What Argentina’s Debt Default Means to You

The story of Argentina’s recent debt default begins in the Great Depression.  Not our Great Depression – their Great Depression, which started in 1998 and ended in 2002.

Leading up to the crisis, the Argentinian government massively over-borrowed and was forced to default on their bonds when the country fell into financial crisis – the economy shrank by 20 percent, unemployment rose to 25 percent, bank deposits were seized, the currency collapsed and rioting ensued.

At that time, the Argentinian government offered a unilateral deal to creditors in 2001: we’ll pay you 33 cents on the dollar or you get nothing.

Almost 93 percent of the bond holders accepted the deal (something is better than nothing), but a small group of holdouts decided that a unilateral deal was unfair and they would rather sit on their bonds, take the Argentina government to court and see what happened.

As small group of hedge funds purchased the bonds at some point and took over the legal case against the Argentinean government.  It took years for the case to wind its way through our legal system, but the courts said that the Argentines should pay the debt back and the Supreme Court refused to hear Argentina’s last appeal in June.

After a 30 day grace period in July, the bonds officially went into default and ratings agencies like Standard & Poor’s placed the country in ‘selected’ default.  There will be no riots this time, but when a government (or anyone else) doesn’t pay its debt, it’s a default.

Since you don’t own any Argentinian bonds, you may be wondering why this matters to you.

At stake is a legal question about the meaning of ‘pari passue.’  It’s a legal phrase that means ‘proportionally; at an equal pace; without preference’ according to Wikipedia (heck, I’m not a lawyer!).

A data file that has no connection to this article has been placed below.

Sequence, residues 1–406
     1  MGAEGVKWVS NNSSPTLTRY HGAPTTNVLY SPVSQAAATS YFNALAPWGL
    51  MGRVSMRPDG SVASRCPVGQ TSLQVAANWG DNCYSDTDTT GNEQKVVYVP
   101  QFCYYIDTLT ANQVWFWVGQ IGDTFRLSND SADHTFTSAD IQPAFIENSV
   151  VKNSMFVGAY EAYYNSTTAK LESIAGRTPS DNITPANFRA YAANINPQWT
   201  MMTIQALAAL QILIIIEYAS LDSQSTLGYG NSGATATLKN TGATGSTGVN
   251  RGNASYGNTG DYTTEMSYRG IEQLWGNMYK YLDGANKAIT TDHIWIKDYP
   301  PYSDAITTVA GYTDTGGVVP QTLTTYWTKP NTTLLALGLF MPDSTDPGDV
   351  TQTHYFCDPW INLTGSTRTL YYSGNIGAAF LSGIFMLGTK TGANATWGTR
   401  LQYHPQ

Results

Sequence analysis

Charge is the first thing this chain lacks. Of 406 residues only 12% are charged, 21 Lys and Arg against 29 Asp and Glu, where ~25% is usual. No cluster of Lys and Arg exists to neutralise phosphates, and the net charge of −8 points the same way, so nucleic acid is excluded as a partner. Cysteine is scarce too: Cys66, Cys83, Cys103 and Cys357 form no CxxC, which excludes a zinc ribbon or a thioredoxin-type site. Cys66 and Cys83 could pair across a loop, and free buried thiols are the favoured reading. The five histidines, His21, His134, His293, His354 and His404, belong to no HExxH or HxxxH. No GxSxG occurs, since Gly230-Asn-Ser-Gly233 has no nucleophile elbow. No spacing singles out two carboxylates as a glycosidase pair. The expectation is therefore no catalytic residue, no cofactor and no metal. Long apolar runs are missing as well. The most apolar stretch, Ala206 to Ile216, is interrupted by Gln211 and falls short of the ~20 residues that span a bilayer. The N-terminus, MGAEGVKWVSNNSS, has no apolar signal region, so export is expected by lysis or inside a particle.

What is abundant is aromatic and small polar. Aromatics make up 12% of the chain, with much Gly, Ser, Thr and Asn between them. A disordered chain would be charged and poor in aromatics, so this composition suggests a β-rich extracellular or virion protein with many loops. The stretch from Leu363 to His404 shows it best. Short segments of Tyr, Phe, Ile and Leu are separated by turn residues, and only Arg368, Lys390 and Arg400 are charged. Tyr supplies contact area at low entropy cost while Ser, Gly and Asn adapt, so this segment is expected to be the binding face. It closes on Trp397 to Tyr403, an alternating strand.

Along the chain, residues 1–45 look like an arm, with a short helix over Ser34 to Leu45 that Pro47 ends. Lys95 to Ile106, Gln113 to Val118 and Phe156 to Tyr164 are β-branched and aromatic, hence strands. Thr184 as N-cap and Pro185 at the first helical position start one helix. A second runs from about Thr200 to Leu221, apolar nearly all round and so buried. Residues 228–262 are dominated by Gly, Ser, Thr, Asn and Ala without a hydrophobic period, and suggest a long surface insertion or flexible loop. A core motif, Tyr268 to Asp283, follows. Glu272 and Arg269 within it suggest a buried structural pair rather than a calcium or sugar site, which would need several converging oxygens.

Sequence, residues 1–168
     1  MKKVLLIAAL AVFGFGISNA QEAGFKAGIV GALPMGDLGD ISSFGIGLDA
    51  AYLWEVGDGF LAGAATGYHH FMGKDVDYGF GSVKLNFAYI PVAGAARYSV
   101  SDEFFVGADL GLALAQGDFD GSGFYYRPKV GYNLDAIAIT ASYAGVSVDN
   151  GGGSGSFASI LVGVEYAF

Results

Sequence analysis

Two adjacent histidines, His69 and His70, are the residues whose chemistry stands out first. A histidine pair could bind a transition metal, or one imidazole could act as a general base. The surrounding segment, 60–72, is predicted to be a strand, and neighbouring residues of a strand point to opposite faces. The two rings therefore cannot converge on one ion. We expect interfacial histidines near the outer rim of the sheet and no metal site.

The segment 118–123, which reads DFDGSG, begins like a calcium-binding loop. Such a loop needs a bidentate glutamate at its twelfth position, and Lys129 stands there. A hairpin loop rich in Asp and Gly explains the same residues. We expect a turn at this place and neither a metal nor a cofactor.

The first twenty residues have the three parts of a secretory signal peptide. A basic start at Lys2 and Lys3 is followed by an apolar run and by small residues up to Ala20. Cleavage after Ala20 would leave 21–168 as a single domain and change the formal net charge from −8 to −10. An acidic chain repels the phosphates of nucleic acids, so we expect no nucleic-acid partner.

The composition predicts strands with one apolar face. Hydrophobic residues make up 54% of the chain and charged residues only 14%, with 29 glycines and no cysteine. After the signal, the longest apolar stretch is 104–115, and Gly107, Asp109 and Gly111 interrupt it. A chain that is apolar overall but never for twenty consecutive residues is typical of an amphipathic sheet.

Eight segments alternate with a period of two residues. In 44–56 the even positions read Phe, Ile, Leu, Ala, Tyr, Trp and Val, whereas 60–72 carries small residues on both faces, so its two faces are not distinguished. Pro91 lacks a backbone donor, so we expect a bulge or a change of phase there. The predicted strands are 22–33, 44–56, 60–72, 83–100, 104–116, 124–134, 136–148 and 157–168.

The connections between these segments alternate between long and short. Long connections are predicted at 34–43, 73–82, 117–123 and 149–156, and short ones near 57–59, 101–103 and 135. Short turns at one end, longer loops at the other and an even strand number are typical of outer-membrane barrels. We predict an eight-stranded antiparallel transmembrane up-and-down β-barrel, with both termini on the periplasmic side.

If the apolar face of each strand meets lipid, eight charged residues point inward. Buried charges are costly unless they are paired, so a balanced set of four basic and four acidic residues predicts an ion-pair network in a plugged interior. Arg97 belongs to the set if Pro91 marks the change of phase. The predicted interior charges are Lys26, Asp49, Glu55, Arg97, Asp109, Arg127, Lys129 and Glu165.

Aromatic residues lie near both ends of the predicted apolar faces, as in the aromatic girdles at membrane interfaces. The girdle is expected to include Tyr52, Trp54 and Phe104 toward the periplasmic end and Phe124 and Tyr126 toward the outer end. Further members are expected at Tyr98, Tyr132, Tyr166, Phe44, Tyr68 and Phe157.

In this case, the hedge funds argued that equal treatment meant that borrowers (Argentina in this case) have to treat all bondholders the same.  You can’t pay some back and not others, or, if the borrower paid back some of the money it had to pay back all of the money.

That’s not how debt restructuring typically takes place.  Generally, a restructuring (a nice euphemism) means that the debtor and creditor get together and rework the terms: a longer time period, a lower interest rate, less principle, etc.  That happens all the time in bankruptcy court, but there is no such thing when it comes to sovereign debt (debt issued by governments).

In a sense, the court ruling strengthens the hand of bondholders because the US is essentially saying that the terms of the deal must be enforced and unilateral deals aren’t acceptable.

One the other hand, it may make it harder for foreign countries to sell their bonds overseas, something that’s important to everyone, including the US given that a huge chunk of our debt is held by foreigners.  It should make the cost of debt higher for everyone since its long been commonly accepted that restructuring would occur for anyone in troubled waters.

In the short run, though, there’s really no impact for investors.  The markets have seen this lawsuit traveling through the system for years and there are no signs that if this domino falls, others will follow.